Yesterday I returned from the Cambridge Darwin Festival, after six days of evolutionary bliss. Every day consisted of morning and afternoon sessions featuring top evolutionary biologists discussing various aspects of Darwin's legacy and contemporary evolutionary biology. And every evening consisted of entertainment events and ceremonies, including a healthy dose of Darwinian rapping. I performed "The Rap Guide to Evolution" four times over the course of the festival, including shows at both the opening night party and the closing ceremony dinner, which meant I was literally entertaining the poshest of the posh, and some of the most inspiring minds of our time.
Some highlights for me were:
1. Performing a freestyle rap on the lawn of King's College at the closing night ceremony dinner, with David Attenborough in the crowd (not to mention a few other heavyweights). Did I meet him? No I did not, since he was one of several hundred people there and was surrounded by acolytes the entire time, but he did witness the performance and I did give him a shout-out in
my verse. Here's a video ably shot by my friend Irene (if you can't see it click here):
2. Meeting Richard Dawkins and talking to him about the potential of rap to rally people and bring evolutionary ideas to a wider audience. He didn't get to see me perform, but I did give him a CD of my song "Natural Selection" which features his voice reading from the "Origin", and he was delighted by my description of the opening night ceremony, where I had all of the champagne-sipping dignitaries shouting "Creationism is dead wrong!" along with me on the chorus. You can download the song and watch a video of the performance on my website.
3. Following the fascinating debates about the intersections of evolution with culture, and especially religion. Dan Dennett argued that religion was a meme or cultural parasite similar to a lancet fluke, which high-jacks the brains of those who are infected, causing them to behave in bizarre ways that benefit only the meme and not the carrier, while others, notably David Sloan Wilson, argued that religion was an adaptation with high "secular utility", allowing people to cooperate in communities that function like beehives or like integrated organisms with a common purpose. Others argued that religion itself isn't even a valid subject of study, because it contains so many unrelated spheres of human activity, which have been promoted as a whole by institutions designed to take advantage of these evolved "modules" of human psychology. Click here to read Dennett's hilarious report of the festival's infestation by loopy "religious apologists".
4. David Sloan Wilson sitting in the front row of my performance on Tuesday night. Wilson's books "Evolution for Everyone" and "Darwin's Cathedral" were a big influence on the writing of the "Rap Guide" and although his concept of "Group Selection" was occasionally derided by nay-sayers at the festival, I didn't hear a single person explain what was logically or empirically wrong with it. I even heard Dawkins admit that Darwin's example of group selection was valid, ie the propagation of cooperative ancestral tribes over ones with severe infighting. That's pretty much the whole gist of Wilson's theory, which I personally find quite convincing, and I have a whole chapter of my show dedicated to it. Afterward I asked him for his feedback and he said the rap gave an accurate (and entertaining) account of the theory, and invited me to come and perform at Binghampton University where he teaches. Mission accomplished!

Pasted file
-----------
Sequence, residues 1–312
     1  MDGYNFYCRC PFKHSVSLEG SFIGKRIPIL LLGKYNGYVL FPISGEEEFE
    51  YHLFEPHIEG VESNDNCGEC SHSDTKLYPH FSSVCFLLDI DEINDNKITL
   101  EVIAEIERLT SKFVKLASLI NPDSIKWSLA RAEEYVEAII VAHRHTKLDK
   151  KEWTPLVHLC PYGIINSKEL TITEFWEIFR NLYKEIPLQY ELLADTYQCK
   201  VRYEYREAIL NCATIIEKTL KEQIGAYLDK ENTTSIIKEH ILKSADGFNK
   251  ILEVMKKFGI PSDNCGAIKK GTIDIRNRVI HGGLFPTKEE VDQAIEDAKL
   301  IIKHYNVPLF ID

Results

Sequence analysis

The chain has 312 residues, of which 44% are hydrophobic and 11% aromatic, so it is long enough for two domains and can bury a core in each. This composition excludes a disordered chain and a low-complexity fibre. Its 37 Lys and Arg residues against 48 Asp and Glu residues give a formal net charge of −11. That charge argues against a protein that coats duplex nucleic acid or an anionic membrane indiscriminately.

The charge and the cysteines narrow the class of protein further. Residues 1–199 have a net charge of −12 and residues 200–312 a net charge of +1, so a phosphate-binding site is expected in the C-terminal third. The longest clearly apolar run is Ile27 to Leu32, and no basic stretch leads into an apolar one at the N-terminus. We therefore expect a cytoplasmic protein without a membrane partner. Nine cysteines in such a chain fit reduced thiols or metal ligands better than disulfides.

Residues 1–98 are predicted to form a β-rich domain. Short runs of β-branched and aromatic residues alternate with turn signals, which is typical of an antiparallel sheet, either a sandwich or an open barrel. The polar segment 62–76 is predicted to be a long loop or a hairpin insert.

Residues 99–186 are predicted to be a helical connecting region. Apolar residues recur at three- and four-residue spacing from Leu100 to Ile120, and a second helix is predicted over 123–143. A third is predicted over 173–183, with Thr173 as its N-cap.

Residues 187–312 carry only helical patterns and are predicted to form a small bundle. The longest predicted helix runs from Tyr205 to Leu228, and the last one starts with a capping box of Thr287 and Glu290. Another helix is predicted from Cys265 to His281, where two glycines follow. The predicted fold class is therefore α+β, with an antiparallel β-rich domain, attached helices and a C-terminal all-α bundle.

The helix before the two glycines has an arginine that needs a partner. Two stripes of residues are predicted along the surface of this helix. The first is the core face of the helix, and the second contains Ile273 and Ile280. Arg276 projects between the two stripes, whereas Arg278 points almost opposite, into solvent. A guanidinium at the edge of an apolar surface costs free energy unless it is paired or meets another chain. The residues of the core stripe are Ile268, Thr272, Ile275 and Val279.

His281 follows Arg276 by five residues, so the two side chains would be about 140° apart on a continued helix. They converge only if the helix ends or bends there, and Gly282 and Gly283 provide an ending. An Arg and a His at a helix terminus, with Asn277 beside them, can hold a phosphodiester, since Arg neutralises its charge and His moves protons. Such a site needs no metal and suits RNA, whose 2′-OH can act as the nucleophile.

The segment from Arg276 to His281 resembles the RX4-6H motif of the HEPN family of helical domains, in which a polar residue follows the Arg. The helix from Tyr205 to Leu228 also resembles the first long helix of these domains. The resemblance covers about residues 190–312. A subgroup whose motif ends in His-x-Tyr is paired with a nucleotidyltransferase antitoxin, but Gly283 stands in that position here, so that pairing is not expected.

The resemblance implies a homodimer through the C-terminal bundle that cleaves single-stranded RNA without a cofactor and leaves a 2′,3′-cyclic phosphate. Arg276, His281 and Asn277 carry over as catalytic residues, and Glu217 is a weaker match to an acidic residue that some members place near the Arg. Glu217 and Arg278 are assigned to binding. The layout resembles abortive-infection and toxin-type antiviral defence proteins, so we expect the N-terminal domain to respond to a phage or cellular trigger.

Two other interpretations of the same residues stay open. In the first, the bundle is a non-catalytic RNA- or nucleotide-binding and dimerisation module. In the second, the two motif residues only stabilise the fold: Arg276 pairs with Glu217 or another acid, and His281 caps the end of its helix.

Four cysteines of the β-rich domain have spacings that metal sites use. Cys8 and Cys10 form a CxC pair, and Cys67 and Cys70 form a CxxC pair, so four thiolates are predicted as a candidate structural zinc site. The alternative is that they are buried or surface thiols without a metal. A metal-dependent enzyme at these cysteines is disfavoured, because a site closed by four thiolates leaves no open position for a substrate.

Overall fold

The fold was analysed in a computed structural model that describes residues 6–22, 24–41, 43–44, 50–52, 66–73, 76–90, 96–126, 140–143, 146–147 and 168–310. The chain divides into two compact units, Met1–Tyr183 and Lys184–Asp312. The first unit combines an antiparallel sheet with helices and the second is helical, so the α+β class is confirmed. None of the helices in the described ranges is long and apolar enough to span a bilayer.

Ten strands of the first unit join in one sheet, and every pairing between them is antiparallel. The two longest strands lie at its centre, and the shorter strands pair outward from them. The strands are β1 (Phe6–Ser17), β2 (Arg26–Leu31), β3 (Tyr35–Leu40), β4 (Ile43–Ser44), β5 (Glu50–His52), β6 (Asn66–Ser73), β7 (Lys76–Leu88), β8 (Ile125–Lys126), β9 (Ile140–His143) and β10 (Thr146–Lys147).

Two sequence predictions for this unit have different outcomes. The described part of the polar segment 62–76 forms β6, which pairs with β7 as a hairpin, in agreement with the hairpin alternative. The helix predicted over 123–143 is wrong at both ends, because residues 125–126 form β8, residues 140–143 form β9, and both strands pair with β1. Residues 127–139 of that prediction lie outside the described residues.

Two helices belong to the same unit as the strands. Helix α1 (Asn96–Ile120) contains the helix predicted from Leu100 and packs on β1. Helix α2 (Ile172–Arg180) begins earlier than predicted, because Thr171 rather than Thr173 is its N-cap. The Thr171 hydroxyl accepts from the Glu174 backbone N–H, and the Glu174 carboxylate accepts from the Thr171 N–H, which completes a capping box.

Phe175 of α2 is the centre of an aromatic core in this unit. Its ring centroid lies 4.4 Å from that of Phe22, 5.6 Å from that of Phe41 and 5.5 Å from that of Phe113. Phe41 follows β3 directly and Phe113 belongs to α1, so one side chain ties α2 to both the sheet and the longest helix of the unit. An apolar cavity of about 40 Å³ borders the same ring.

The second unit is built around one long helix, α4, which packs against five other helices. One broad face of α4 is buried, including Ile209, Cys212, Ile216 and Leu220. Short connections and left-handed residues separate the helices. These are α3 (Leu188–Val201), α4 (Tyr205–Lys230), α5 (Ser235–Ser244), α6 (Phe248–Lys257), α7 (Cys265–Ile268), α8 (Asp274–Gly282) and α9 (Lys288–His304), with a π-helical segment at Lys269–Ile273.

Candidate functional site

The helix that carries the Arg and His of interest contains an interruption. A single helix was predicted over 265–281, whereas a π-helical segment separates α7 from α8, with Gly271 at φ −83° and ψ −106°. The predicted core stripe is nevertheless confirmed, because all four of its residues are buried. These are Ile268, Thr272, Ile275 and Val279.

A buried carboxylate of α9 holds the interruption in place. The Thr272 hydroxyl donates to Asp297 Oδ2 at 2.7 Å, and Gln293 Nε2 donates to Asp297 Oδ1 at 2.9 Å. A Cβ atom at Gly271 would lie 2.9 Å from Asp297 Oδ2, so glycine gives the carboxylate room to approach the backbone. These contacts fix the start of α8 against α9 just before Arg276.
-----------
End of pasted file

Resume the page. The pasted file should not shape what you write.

5. Sitting next to Sarah Hrdy at the celebration dinner, while listening to David Attenborough give a majestic speech on Darwin and evolution as "the most important theory and view about mankind and his place in the world that has been enunciated in historical time". Well put. Sarah is also possibly the sweetest sociobiologists I've ever met (she had lost her voice so we chatted all night with her writing on scraps of paper), and her book "Mother Nature" about the central role of the female sex in evolution and the natural world is definitely going to merit a chapter in the "Rap Guide".
6. Chatting with Dan Dennett about meme theory (or memetics), which he came very close to completely redeeming. The problem I've always had with the concept is that it lacks a clear unit of selection, treating a religion as a meme, but also a word, a song, a story, a dance craze, a style of dress, anything that can be copied (mimicked) from person to person, undergoing differential selection. But the copying is usually "analogue" and highly malleable, more Lamarckian than Darwinian, which means there is very low fidelity and no direct mechanism for the kind of adaptation that drives biological evolution. In his talk, and our conversation, Dennett emphasized "digital" memes like words, which sound different in different dialects, and look different in different fonts, but which our minds instinctively correct to a norm, much like the copying fidelity mechanisms of DNA replication. Conclusion: the theory of memetics is still alive and well, if still in its infancy.
Now I'm back in London working on recording the "Rap Guide" to a CD format, and rehearsing the Rebel Cell all week in preparation for our debut at Latitude Festival on Friday. I hope you are all having a great summer, and please take a moment to send some digital memes my way if you like.